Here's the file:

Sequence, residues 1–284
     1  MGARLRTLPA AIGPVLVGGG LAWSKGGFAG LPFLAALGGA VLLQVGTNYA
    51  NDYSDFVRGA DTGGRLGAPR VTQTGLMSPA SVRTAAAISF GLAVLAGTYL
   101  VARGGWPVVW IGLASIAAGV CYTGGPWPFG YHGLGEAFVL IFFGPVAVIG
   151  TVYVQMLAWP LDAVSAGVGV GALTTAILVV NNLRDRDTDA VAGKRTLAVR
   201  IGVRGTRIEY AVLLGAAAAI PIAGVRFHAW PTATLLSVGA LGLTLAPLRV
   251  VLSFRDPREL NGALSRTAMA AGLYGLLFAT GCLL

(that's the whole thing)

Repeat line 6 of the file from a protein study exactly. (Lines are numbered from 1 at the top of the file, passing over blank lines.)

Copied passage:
   201  IGVRGTRIEY AVLLGAAAAI PIAGVRFHAW PTATLLSVGA LGLTLAPLRV